Posted by: marnster | December 24, 2008

Diagoras- History’s First Confirmed Atheist?


The ancient Greek poet/philosopher Diagoras of Melos (5th Century B.C.E.) might be regarded as history’s earliest known confirmed Atheist. Historical evidence shows that Diagoras wasn’t afraid to speak his mind regarding his atheism.

Though information on Diagoras is somewhat scanty, he was documented by Aristophanes, Cicero, and others. In fact, Diagoras’ giving offense to others by rejecting “the Gods” is the one point about him that historians can be certain on. According to Athenagoras, “he made the downright assertion that god does not exist at all.”

Diagoras appears to have been very bold, witty, and unapologetic about his lack of belief in deities. From historian Jennifer Michael Hecht:

“The poet Diagoras of Melos was perhaps the most famous atheist of the fifth century. Although he did not write about atheism, anecdotes about his unbelief suggest he was self-confident, almost teasing, and very public. He revealed the secret rituals of the Eleusinian mystery religion to everyone and “thus made them ordinary,” that is, he purposefully demystified a cherished secret rite, apparently to provoke his contemporaries into thought. In another famous story, a friend pointed out an expensive display of votive gifts and said, “You think the gods have no care for man? Why, you can see from all these votive pictures here how many people have escaped the fury of storms at sea by praying to the gods who have brought them safe to harbor.” To which Diagoras replied, “Yes, indeed, but where are the pictures of all those who suffered shipwreck and perished in the waves?” A good question. Diagoras was indicted for profaning the mysteries, but escaped.”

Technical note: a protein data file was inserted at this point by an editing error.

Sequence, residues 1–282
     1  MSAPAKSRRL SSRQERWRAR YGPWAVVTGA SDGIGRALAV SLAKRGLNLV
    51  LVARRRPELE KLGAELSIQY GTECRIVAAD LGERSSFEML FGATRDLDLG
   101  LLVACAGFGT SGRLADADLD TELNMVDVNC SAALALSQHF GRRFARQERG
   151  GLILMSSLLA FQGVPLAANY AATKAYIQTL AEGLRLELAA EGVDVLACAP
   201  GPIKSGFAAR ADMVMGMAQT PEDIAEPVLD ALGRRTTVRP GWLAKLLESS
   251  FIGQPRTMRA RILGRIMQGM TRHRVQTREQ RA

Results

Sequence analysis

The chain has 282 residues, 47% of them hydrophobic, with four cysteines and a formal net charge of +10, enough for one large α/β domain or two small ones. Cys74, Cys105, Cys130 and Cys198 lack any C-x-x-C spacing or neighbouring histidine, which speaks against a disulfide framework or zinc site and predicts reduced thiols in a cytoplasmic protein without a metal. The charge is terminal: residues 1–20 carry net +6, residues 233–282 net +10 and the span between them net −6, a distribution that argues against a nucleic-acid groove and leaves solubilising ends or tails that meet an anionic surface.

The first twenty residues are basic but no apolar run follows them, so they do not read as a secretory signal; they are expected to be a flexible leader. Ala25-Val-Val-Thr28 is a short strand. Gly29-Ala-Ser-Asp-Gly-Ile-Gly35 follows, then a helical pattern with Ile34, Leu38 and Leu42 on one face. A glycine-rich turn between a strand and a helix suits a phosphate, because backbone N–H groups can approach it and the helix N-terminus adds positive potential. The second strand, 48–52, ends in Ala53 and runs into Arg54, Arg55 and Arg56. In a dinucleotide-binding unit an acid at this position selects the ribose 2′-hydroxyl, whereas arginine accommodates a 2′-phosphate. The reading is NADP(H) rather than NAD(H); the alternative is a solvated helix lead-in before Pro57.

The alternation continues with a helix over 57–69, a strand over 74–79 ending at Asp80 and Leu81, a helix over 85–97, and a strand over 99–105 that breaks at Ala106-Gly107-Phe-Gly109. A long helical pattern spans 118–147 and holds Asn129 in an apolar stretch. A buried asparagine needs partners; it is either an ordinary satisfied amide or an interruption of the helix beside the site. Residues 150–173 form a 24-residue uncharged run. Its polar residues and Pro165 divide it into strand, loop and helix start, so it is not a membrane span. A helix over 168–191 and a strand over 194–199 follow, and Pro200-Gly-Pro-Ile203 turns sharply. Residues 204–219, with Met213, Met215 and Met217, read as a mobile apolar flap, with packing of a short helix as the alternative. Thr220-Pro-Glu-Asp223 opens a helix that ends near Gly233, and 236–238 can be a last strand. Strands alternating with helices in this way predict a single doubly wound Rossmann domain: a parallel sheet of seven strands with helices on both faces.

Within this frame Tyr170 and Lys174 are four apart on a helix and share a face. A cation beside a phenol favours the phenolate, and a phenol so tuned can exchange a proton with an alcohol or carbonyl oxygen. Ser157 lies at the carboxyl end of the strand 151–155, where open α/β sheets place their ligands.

According to the Swedish historian Stefan Stenuud, Diagoras was expelled from Athens in 411 B.C.E. for attacking religion. Stenuud also documents events that may have led to Diagoras’ atheism:

“According to Sextus Empiricus, Diagoras became an atheist when an enemy of his perjured himself in court and got away with it. There are some variations in other sources to this anecdote, though not changing its moral content – immorality seems to go unpunished, so how can there be any gods in the sense of watchers over human virtue?”

None of Diagoras’ writings are known to have survived, unfortunately.

Mark Tiborsky, the Cleveland Freethinkers



  1. I wonder how & when Diagoras of Melos died?
    Hopefully Zeus didn’t get him in the butt with a lightning bolt.

  2. […] […]

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